Local brands versus Amazon: how the very best deliver quality customer service

How will the arrival of the world’s most customer-centric business impact the way local brands serve their customers? Fiona Killackey investigates.

This article originally appeared in The Serve Issue, our October/November 2017 print edition of Marketing magazine.

Fiona KillackeyAt Amazon, the customer is king. From ensuring head office staff have call centre training and regularly visit fulfilment centres, through to making heartfelt apologies when it makes mistakes and using cutting edge technology to personalise every single email, Amazon has consistently placed the customer at the centre of its business.

When the brand started two decades ago, founder Jeff Bezos would keep an empty chair at key meetings to represent the needs and wants of the most important person to the business – the customer. So great is the power the Amazon customer yields, that customer service staff are authorised to pull items off the (virtual) shelf should just a handful of customers complain about the same product.

No negotiation takes place with the category buyers or marketing teams (who may well have scheduled that product to be on homepage banners or in key emails); the item is simply removed until the department and/or brand can adequately respond to the customer complaint. Staff must “consider the customer then work back” when formulating new offers or suggesting changes to policies or procedures, and the brand continues to raise the bar for product innovation, from AI (artificial intelligence) assistant Alexa through to its Dash Button – a Wi-Fi connected device that allows customers to re-order household items without touching their phone or laptop.

Given its reputation as the world’s most innovative and customer-centric business, what impact will Amazon’s arrival have on Australian businesses, many of which have stayed complacent in the face of changing technology and influx of global brands setting up home down under?

 

Actions speak louder than words

MK1017 200You are what you do, not what you say you’ll do.

One of the biggest shifts local businesses may need to make is matching their marketing promise to their real-world delivery. Amazon is an ‘always-on’ business, with staff available around the clock to answer customer complaints via call centres, online chat services, an in-depth FAQ section and email.

The Australian consumer may well compare this level of care to a brand like Officeworks, which has received multiple complaints via social media for not living up to its ‘next day delivery’ promise, with some customers waiting up to five days for products, and complaining of vague and inconsistent contact information on its website.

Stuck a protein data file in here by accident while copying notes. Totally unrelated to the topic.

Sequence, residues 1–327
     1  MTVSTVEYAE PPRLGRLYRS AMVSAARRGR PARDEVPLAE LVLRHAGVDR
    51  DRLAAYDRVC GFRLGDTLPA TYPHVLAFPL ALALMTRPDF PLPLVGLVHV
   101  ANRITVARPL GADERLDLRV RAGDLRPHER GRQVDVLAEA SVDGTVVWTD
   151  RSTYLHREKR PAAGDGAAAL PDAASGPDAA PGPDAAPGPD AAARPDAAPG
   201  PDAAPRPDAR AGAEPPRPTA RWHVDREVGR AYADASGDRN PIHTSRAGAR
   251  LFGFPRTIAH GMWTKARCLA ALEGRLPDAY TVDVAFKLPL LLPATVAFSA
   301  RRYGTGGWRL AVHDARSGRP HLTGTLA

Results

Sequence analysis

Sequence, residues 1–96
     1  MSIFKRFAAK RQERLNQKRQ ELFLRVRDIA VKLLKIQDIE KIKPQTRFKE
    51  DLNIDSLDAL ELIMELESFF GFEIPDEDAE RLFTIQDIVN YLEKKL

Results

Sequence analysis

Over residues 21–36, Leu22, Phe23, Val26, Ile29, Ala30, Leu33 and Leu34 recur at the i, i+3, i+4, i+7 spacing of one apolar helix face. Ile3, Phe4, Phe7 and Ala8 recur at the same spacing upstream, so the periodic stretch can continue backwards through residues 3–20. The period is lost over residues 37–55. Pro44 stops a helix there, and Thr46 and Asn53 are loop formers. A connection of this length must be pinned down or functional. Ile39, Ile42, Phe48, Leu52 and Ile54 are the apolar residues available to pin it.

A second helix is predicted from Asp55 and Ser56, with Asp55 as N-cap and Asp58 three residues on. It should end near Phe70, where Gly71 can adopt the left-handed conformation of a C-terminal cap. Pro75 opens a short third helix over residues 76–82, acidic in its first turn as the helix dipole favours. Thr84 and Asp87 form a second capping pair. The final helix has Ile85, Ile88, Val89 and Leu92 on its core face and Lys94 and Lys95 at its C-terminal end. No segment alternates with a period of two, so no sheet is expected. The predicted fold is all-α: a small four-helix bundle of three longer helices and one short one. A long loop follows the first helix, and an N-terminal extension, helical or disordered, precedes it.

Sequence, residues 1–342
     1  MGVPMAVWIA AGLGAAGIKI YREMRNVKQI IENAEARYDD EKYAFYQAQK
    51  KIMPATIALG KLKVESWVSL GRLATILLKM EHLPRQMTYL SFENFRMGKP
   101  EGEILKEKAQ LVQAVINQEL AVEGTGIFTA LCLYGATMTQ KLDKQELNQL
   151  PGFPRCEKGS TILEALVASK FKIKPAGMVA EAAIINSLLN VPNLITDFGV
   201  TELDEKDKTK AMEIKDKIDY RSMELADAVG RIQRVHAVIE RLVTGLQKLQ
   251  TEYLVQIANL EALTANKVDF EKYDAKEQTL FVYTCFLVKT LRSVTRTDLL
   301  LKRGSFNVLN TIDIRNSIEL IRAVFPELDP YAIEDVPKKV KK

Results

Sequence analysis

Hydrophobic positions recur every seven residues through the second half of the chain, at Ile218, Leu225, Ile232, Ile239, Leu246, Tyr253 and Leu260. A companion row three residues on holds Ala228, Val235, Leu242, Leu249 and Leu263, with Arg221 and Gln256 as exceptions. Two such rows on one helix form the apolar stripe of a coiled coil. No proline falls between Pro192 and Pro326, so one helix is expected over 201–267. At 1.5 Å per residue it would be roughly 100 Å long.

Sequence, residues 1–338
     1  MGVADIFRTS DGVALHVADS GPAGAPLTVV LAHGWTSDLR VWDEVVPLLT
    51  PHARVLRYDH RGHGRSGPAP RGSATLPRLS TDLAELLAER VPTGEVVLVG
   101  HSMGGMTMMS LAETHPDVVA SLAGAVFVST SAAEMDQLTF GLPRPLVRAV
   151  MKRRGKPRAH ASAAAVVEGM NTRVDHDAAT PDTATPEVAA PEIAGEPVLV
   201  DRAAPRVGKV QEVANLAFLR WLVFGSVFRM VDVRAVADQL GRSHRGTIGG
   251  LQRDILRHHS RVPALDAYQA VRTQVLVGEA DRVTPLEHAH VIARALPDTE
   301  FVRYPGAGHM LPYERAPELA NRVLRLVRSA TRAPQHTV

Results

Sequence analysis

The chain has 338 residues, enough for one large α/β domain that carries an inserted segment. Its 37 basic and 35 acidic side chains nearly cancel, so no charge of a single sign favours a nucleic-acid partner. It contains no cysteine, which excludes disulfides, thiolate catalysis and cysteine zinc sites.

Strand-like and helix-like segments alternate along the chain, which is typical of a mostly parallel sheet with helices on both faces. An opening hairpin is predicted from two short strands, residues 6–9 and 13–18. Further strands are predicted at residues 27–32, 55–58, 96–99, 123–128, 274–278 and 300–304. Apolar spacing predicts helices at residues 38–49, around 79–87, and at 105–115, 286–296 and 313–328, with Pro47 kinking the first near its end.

Earlier this year, Jetstar was voted the worst airline in the world for customer satisfaction, after a study of 11,000 passengers and 73 airlines was conducted. Customer complaints varied from delay times through to lack of transparency between marketing messages (cheap flights) and associated terms and conditions.

 

Adopt a customer-first approach

For some local businesses, Amazon’s arrival will have little impact, as creating a quality offering for their target audience and delivering an impeccable service has been part of their business from day one.

“When we launched in Victoria in 2014, our aim was to provide customers with access to information and choice where it had never been available before,” says Catherine Anderson, head of marketing for Powershop – Australia’s greenest energy provider. In an industry renowned for poor service (lengthy wait times to offshore call centres, excessive late fees and bill shock), Powershop was able to present a new offering. “We were one of the first retailers to have no lock-in contracts or exit fees,” says Anderson, “we were also the first to develop an app and online portal that presented usage information to customers, which enables them to make informed decisions about their electricity consumption to help them save money and reduce their impact on the environment.”

 

Change your thinking

Changing the way you think and talk about your customers is vital in delivering quality service, says Iain Nairn, CEO of stationery brand, kikki.K.

“One of the most recent changes we have made has been transitioning our terminology of ‘customer’ to ‘guest’ to better reflect the way we would like to treat people visiting our stores,” says Nairn. “Rather than viewing them as a customer – someone who pays for goods or services – our entire team has started considering them ‘guests’ – people we welcome into our store like our home. People who visit for an experience, who may take home a product or partake in a service that inspires and empowers them to live their best life every day.”